NEW YORK — “On the ninth of my planned 15 bomb runs, at 1,200 feet, an enemy antiaircraft shell exploded in the cockpit. Instinctively, I pulled back on the stick to gain altitude. Then I passed out. When I came to a short time later, I couldn’t see a thing. There was stinging agony in my face and throbbing in my head. I felt for my upper lip. It was almost severed from the rest of my face. I called out over the radio through my lip mike (which miraculously still worked), ‘I’m blind! For God’s sake, help me! I’m blind!’”
The writer of those words, Kenneth A. Schechter, who died on Dec. 11 at 83, was no novelist. A graduate of Stanford and Harvard Business School, he spent most of his professional life as an insurance agent. But on March 22, 1952, as a Navy pilot over Wongsang-ni, North Korea, Mr. Schechter, then Ensign Schechter, was at the heart of an astonishing real-life thriller, one of the most electrifying air rescues in American military history.
Mr. Schechter, then 22, was already an experienced battle pilot; his fateful mission was his 27th over Korea. Stationed on the aircraft carrier Valley Forge in the Sea of Japan, he was a member of Fighter Squadron 194, known as the Yellow Devils, and his targets that day were standard ones: railroad tracks, marshaling yards, and other enemy transportation structures. He was flying a single-seat attack plane known as the A-1 Skyraider.
In an essay that appeared nearly 50 years later in the book “Chicken Soup for the Veteran’s Soul” and subsequently in Naval Aviation News, Mr. Schechter recounted the events that allowed him to live.
When the antiaircraft shell ripped into the cockpit, blowing away the canopy, and he pulled the plane into a climb, he was headed for a cloud bank at 10,000 feet that would have obscured him from view of his squadron mates and was probably the gateway to oblivion.
Blood was flowing over his damaged eyes and into his throat; his head wounds were throbbing, and with the canopy gone, the noise from the engine and the 200-mile-per-hour airstream was earsplitting. But his scream through the microphone caught the attention of a fellow pilot, Lieutenant Howard Thayer, coincidentally his roommate on the Valley Forge, who spotted him above and gave the order: “Put your nose down! Put your nose down! Push over. I’m coming up.”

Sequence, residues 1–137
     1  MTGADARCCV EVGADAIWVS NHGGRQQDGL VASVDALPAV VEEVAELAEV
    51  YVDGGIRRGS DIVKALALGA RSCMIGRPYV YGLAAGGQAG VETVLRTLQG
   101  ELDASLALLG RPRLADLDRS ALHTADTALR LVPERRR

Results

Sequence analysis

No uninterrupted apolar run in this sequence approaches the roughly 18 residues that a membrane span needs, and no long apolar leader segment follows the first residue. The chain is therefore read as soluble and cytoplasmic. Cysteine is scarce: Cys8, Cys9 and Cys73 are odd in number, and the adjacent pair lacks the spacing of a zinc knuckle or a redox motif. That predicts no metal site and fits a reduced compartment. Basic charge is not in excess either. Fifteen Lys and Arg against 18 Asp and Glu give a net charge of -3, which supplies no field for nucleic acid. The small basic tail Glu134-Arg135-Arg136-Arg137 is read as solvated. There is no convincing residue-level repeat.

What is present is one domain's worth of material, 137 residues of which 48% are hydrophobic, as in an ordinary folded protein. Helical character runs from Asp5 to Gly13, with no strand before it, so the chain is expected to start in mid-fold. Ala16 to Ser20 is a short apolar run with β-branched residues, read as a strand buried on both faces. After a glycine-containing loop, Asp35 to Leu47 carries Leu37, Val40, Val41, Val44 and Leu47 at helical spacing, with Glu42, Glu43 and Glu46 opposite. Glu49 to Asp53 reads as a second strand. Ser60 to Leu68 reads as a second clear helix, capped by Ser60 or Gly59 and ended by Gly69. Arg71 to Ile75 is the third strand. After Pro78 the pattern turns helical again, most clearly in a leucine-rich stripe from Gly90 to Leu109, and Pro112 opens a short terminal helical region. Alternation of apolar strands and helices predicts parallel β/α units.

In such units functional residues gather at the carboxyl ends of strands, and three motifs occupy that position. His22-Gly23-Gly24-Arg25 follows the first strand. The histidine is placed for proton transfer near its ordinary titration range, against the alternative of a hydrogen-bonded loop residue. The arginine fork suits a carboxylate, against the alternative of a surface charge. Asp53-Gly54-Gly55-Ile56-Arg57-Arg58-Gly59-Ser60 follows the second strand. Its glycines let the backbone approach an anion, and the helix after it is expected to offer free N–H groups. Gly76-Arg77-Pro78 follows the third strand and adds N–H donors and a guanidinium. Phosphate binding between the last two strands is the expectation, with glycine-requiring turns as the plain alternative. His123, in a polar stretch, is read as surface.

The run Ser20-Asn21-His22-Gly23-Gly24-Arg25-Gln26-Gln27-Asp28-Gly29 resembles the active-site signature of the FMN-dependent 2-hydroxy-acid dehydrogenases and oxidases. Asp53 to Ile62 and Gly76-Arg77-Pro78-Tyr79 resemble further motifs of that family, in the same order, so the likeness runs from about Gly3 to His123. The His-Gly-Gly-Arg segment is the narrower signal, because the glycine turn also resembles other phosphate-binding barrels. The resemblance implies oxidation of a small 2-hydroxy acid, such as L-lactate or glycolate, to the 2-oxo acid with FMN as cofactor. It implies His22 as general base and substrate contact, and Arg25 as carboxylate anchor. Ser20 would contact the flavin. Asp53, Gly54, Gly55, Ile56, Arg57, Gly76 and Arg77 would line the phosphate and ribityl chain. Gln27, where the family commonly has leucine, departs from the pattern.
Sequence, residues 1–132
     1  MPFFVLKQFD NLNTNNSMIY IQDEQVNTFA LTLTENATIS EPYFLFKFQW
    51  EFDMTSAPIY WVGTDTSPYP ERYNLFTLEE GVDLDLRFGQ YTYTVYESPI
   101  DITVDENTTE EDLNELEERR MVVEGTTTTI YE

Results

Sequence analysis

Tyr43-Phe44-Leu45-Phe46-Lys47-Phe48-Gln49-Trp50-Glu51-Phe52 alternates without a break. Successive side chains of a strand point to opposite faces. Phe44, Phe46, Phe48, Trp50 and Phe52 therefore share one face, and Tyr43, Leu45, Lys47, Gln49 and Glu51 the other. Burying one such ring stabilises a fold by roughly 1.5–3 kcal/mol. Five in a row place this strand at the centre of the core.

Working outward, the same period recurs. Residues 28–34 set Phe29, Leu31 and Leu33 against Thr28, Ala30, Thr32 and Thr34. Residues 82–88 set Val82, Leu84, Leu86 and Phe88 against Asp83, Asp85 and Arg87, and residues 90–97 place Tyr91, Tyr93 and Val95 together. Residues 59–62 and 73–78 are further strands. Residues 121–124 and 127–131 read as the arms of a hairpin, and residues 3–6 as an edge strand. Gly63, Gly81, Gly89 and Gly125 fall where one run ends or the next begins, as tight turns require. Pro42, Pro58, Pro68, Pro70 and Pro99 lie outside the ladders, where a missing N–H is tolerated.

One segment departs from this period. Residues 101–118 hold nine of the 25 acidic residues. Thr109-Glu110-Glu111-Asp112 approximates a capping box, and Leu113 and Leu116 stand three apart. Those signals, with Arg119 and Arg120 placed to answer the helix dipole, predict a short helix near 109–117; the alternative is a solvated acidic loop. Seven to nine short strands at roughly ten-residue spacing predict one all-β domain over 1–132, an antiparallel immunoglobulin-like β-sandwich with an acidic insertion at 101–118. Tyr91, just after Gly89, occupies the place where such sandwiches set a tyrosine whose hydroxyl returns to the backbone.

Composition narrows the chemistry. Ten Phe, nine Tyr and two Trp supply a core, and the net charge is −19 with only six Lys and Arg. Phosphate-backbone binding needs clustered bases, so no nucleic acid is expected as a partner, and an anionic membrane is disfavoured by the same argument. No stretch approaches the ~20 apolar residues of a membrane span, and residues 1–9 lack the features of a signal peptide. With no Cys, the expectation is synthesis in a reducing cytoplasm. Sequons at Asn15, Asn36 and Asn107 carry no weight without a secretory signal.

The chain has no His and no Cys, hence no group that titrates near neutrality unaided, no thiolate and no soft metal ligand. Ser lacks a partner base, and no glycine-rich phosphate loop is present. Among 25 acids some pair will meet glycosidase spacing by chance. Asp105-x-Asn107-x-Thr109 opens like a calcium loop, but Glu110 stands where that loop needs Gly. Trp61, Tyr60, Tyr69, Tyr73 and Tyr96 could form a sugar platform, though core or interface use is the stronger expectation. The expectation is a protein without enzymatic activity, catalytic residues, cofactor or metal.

What followed was a high-tension, high-altitude partnership in which Thayer settled his plane alongside Mr. Schechter’s and directed him, an aerial guide dog, with vocal commands back over the battle front and into friendly territory.
Thayer’s first instinct was to have Mr. Schechter eject as soon as possible over the water, but the ensign refused; other pilots had not survived after bailing out into the frigid Sea of Japan, and without his sight — and with a parachute harness that would probably tangle — Mr. Schechter, who was fading in and out of consciousness, thought that this was a sure path to death.
The men continued on, heading for a Marine airfield known as K-18, 30 miles away.
“I continued to follow Thayer’s directions, but he could see that my head kept flopping down from time to time, and he doubted I could make it to K-18, so he decided to get me down right away,” Mr. Schechter wrote.
When Thayer spotted a deserted dirt airstrip not far beyond the battle line, he decided to set his friend down there. The ruggedness and brevity of the strip would make it dangerous to use the landing gear, Mr. Schechter wrote, so he had to make a belly landing. (A brief account at the time by the Associated Press said Schechter did not use his landing gear because in his blindness he could not locate the controls.) Down went the two planes.
“From his plane, flying 25 feet away from mine and duplicating my maneuvers, Howard’s voice was cool and confident,” Mr. Schechter later wrote. Reported accounts of the rescue differ slightly, but according to Mr. Schechter’s, this is what he heard in his earpiece:
“We’re heading straight. Flaps down. Hundred yards to the runway. You’re 50 feet off the ground. Pull back a little. Easy. Easy. That’s good. You’re level. You’re OK. You’re OK. Thirty feet off the ground. You’re OK. You’re over the runway. Twenty feet. Kill it a little. You’re setting down. OK; OK; OK. Cut!”
And then, shortly thereafter, ebulliently:
“You’re on the ground, Ken.”
It was, Mr. Schechter wrote, “a perfect landing.”
“No fire. No pain. No strain. The best landing I ever made.”
Mr. Schechter died in Fairfield, Calif. His son, George, who goes by his middle name, Robert, said the cause was complications of prostate cancer. Mr. Schechter also leaves his wife, the former Sue Finch, whom he married in 1955; another son, Jonathan; a daughter, Anne Buckley, and seven grandchildren.
After landing his plane, Mr. Schechter was taken to a Navy hospital ship. Shrapnel had severely wounded his face, scalp, and both eyes. He regained his sight in the left eye but not in the right.
Thayer, who made the Navy his career, was killed in 1961 when, on a night mission, he flew into the water returning to a carrier in the Mediterranean Sea. In 1995, Mr. Schechter was awarded the Distinguished Flying Cross. During his acceptance speech, he addressed Thayer’s three children, by then adults.
“I hope you will see this ceremony as your ceremony,” Mr. Schechter said, “because that’s certainly the way I feel about it.”
Fourteen years later, in 2009, Thayer received the award posthumously.